Nature Walk to Green Cay – Ah… Spring is in the Air! 4 March 2022
No gator today, but I did see a large turtle resting on the shore. Its back was covered with slimy duck weed, a greenish pond plant that is enjoyed by vegan ducks and other water fowl.
The photo above of the two Anhingas was preceded by the male presenting the female with a couple of twigs to tuck into her nest. It was a sweet ritual by a mated pair.
Before I arrived in Florida… actually on the East Coast low country, I had never seen an Ibis in the wild. Now, everyday, I see whole flocks of them tooling around the neighborhood eating whatever they eat. They tend to arrive in the early morning and settle down on lawns and around the ponds. The ibis are also very gregarious groupies; if one flies off, all of them go. We also have Glossy Ibis locally but they tend to stay in the wetlands. The Glossies are also very groupie, often feeding in a small flock, as they range through thick marsh plantings (which makes them hard to photograph). Occasionally, you can see one alone or nearly so:
When the angle of light is right, the Glossy Ibis’ feathers are very pretty, iridescent.
Several species of the Herons live in SE Florida including the Tri-colored, the Great Blue, the Little Blue, Red Heron and the Green Heron (or Lesser Bitteren). The smaller herons are delicately built birds, slender, with long necks so they can view over the top of the water or vegetation.
The Great Blue Herons are truly regal birds and wonderful to watch as they fly slowly. They have a coarse croak for a call.
Several types of turtles live in the marsh lands. Florida also has Gopher Tortoises, which live on land. I guess they are called Gopher Tortoises as they build burrows in sandy soils. They are a protected species. The wetlands only have turtles which you can occasionally see sunning themselves on the edge of the marsh or on logs.
This noble bird remained in place for a few minutes as I observed it. They have bright blue eyes, almost turquoise in color. Cormorants, as anyone knows who has spent time in and around water, are great fisher folk. I guess this one was just resting and didn’t seem to mind my quiet presence.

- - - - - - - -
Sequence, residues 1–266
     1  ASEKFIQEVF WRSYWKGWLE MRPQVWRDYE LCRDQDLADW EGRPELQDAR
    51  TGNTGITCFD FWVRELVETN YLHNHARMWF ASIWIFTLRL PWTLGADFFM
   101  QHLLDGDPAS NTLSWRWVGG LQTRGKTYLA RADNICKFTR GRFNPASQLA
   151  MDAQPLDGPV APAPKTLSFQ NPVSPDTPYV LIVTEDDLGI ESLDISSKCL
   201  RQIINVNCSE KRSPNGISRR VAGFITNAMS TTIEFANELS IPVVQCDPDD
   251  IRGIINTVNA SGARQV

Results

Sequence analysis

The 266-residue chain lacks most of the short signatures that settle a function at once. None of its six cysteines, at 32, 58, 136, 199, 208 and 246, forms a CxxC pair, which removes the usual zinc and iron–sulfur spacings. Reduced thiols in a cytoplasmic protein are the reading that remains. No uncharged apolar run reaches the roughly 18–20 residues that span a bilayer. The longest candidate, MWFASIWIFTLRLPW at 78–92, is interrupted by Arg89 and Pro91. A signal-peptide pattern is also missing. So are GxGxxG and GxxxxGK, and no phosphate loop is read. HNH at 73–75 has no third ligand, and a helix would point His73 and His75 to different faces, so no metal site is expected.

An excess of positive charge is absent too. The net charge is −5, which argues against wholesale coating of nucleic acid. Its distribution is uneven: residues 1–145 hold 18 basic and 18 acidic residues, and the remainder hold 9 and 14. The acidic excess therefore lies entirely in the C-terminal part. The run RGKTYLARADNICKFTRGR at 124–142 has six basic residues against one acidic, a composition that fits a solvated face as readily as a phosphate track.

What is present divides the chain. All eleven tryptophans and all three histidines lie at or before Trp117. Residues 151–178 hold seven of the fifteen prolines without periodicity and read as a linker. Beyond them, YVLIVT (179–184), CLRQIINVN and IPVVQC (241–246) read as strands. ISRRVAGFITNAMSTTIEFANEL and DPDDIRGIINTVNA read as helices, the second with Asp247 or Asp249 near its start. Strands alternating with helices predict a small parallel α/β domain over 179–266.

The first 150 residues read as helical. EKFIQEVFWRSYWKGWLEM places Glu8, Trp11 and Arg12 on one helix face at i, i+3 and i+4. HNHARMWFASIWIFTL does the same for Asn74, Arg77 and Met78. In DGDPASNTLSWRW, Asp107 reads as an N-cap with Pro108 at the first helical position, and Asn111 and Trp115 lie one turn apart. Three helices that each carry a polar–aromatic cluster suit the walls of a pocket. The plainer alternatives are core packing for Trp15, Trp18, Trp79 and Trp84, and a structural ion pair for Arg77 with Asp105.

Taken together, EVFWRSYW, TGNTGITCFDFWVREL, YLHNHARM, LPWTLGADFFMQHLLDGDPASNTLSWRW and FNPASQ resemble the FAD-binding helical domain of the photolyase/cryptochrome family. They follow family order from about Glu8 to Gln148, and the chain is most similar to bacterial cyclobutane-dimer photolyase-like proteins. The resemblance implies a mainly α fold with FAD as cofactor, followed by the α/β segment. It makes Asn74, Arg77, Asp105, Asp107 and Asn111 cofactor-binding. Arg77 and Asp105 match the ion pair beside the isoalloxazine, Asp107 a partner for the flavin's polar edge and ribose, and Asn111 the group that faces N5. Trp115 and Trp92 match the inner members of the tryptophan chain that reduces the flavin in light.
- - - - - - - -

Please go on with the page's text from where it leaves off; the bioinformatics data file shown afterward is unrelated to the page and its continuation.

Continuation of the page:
Many of the birds were a bit feisty or on edge, as it is mating season for several species. Boys were chasing around girls and making quite a stir in the marsh. Red-winged Black Birds were singing at the top of their tiny lungs and puffing up their colorful red patches. Shy females flitted around thru the marsh plants ignoring the males… until just the right one came along (no, I missed that part!).
I love these little herons. I see them occasionally near the ponds in our neighborhood. I didn’t realize just how long they can stretch up their necks until I observed this a couple of times. They have a distinct call/croak. They always look a bit grumpy; just very intense and focused little birds.
Well, that’s all for today. I don’t know a lot about birds other than what I have read and observed while living there. I’m certainly not an authority on the subject. Florida is well-known as a birders’ paradise with all of the sub-tropical species that can live here.
Hope you enjoyed the photos!
(c) All Rights Reserved, Eliza Ayres, http://www.bluedragonjournal.com and https://sunnysjournal.com
Ah, those Grebes do my heart good. What kind of song do they sing? Love, B.
Those little guys don’t say much. I haven’t been able to isolate their calls with everything else going on in the marsh! They’re very cute.